Appiness.io blog

23 Nov 2017
by Admin
Comments are closed

Justin Trudeau, Other World Leaders Praise Net Neutrality Ahead Of FCC’s Planned Repeal

Canadian Prime Minister Justin Trudeau is among the world leaders who have spoken up in support of net neutrality this week in the wake of the U.S. Federal Communications Commission’s announcement that it plans to throw out regulations that require internet providers to treat all online content equally.

Trudeau told Motherboard on Wednesday that the Trump administration’s plan to repeal net neutrality “does not make sense.” 

“I am very concerned about the attacks on net neutrality,” Trudeau said. “Net neutrality is something that is essential for small businesses, for consumers, and it is essential to keep the freedom associated with the internet alive.”

He added that he’ll look into ways to defend net neutrality for the internet as a whole.

Speaking at the Global Conference on Cyberspace held in New Delhi on Thursday, India’s minister of law and justice, Ravi Shankar Prasad, said that “right of access” to the internet should be “non-negotiable.”

“Internet is supposed to be democratic. It is a big global platform, but must be linked the local ideas and concepts,” Prasad said, according to The Indian Express. 

Sri Lankan Prime Minister Ranil Wickremesinghe, who also attended the event, similarly expressed his support for net neutrality, saying that the protection “lowers the barriers of entry by preserving the internet as a fair and level playing field and helps businesses and entrepreneurs to thrive online.”

“Open internet facilitates the marginalized and oppressed segments that are not adequately represented in the mainstream media, to tell their stories and to mobilize justice, as we have seen in recent times,” he added.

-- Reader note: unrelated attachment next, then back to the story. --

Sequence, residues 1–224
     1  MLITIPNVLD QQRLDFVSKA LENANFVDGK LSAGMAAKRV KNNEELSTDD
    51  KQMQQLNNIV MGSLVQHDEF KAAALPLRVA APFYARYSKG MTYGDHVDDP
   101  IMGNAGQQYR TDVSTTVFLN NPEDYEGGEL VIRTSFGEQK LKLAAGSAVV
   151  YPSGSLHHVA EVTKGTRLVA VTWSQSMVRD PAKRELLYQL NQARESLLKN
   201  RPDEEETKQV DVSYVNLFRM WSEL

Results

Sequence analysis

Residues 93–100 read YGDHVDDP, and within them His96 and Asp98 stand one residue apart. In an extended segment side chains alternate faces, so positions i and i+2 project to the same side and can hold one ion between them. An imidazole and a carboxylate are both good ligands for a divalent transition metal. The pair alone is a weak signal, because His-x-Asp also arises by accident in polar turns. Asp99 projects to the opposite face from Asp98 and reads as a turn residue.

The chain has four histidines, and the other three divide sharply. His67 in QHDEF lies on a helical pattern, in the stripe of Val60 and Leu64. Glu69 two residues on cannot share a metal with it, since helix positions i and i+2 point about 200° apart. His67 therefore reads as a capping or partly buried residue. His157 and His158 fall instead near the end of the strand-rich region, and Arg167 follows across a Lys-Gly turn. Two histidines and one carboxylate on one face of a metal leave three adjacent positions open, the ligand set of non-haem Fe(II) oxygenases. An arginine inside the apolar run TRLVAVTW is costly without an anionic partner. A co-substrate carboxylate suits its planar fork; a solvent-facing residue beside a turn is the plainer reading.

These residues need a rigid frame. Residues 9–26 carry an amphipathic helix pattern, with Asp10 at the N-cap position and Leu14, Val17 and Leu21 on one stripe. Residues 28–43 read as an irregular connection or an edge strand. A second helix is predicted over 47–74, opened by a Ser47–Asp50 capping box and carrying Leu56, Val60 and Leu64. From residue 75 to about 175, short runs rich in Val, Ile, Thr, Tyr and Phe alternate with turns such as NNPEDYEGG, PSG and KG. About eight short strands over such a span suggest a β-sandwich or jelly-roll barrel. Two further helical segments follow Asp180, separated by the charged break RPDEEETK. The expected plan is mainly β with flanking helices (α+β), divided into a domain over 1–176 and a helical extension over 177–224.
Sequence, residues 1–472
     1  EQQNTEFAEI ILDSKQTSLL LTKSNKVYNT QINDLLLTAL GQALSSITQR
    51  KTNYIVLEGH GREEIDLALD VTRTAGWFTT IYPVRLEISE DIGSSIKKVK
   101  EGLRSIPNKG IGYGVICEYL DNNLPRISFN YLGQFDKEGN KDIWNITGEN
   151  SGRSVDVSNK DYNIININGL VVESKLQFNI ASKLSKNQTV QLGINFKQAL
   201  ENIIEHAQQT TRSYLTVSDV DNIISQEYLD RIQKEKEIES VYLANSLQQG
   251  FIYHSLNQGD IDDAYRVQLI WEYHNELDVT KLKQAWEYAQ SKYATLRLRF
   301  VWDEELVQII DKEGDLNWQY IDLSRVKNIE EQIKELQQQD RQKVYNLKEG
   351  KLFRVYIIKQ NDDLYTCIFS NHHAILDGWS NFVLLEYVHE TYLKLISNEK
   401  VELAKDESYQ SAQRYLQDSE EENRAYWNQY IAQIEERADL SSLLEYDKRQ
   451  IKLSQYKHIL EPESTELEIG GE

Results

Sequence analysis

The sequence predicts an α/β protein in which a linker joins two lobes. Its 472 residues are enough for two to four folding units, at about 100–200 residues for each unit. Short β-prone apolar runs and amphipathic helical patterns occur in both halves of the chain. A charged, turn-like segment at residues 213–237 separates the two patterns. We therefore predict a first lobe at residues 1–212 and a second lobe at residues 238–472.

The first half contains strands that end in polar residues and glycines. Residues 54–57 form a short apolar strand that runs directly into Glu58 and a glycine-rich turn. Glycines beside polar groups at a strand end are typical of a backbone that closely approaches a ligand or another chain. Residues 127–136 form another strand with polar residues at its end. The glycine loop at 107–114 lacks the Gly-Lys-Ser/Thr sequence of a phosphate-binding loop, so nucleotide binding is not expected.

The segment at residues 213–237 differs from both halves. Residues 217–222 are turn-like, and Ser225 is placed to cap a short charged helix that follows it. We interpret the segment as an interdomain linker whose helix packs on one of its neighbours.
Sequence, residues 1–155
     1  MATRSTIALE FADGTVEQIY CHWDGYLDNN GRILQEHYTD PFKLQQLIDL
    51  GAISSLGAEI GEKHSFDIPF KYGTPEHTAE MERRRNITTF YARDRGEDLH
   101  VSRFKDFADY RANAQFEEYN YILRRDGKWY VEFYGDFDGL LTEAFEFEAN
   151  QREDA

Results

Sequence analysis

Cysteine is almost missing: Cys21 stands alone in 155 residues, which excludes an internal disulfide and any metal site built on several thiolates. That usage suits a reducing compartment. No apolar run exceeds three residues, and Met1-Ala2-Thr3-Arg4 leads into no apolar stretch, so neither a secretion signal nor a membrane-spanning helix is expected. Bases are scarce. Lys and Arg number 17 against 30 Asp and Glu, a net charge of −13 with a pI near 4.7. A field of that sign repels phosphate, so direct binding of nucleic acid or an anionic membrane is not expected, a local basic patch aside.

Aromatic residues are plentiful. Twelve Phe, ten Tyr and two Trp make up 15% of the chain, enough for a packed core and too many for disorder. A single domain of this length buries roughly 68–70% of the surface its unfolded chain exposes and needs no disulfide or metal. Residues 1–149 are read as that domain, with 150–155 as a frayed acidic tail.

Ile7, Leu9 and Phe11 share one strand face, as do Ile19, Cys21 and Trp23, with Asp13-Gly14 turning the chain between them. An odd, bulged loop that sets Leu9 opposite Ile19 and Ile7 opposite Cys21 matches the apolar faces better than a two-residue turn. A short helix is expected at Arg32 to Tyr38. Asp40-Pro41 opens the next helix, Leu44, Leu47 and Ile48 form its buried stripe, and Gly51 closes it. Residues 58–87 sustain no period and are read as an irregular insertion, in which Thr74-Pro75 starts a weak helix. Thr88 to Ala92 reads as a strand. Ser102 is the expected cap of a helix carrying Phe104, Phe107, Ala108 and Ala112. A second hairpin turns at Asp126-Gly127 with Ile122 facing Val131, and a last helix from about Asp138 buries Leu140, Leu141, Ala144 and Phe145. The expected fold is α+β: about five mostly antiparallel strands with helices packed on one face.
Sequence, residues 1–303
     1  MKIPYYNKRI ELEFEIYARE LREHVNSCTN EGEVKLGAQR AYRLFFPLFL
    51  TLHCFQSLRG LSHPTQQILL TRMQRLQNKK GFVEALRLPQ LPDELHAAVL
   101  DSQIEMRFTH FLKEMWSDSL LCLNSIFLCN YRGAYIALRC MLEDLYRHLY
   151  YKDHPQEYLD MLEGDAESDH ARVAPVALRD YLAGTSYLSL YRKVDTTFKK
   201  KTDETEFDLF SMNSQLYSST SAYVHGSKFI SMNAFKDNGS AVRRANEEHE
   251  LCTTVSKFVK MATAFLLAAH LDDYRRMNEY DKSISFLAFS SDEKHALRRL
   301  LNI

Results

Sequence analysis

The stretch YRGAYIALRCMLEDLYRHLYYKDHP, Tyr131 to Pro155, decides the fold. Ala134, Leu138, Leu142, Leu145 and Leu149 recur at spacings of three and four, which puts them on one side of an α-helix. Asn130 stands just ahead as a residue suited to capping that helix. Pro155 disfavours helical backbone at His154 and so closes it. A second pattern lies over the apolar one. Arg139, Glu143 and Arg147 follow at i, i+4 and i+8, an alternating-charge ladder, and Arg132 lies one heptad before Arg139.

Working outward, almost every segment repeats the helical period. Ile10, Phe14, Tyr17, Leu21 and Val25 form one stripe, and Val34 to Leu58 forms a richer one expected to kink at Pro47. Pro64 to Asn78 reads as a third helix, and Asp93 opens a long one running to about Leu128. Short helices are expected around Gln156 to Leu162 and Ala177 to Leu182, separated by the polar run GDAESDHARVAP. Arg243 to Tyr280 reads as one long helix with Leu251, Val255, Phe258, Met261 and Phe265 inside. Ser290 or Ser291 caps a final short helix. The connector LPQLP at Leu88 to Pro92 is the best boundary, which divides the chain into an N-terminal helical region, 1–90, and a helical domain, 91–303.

In the U.S., tech giants including Facebook, Google, Reddit and Netflix have expressed their disappointment and opposition to the FCC’s plan.  

Opponents of net neutrality, including Comcast, AT&T and Verizon ― which owns HuffPost’s parent company, Oath ― have also been vocal, arguing that services such as Netflix that use more bandwidth should have to pay more.

On Wednesday, a top FCC official urged the American public to “stop us from killing net neutrality.” 

Reach out to the rest of the FCC now,” FCC Commissioner Jessica Rosenworcel wrote in a Los Angeles Times op-ed. “Tell them they can’t take away internet openness without a fight.” 

21 Nov 2017
by Admin
Comments are closed

Amazon Launches ‘Secret’ Cloud Service For Intelligence Agencies

Amazon is launching a “secret” cloud service for U.S. intelligence agencies, developed three years ago with the CIA. 

Amazon Web Services Secret Region “can operate workloads up to the Secret U.S. security classification level,” Amazon said in a statement Monday. “AWS becomes the first and only commercial cloud provider to offer regions to serve government workloads across the full range of data classifications, including Unclassified, Sensitive, Secret and Top Secret.”

Other personnel from government departments and contractors with security clearance also can access the “secret region,” the company said. 

The service debuts after the exposure of vulnerabilities in Amazon cloud services. Last week, information collected by the Pentagon in AWS cloud databases was exposed online for anyone to see. The databases contained at least 1.8 billion internet posts collected over eight years by intelligence agencies from news sites, comment sections, web forums and social media. In May, an engineer at defense contractor Booz Allen Hamilton left some 60,000 files linked to a Pentagon program on an Amazon server accessible to the public, Gizmodo reported.

Six years ago Amazon launched AWS GovCloud, its first data-center region for the public sector. 

Amazon inked a $600 million so-called spook cloud contract with the CIA in 2013 to help the agency build its own private cloud system. The massive classified data storage was up and running by 2014. Rolling out the service to other agencies is part of that contract.

“This had never been done before,” said CIA chief information officer John Edwards. “We put an entire Amazon cloud region on our space, in our premises. It was risky; neither side new how it was going to turn out.”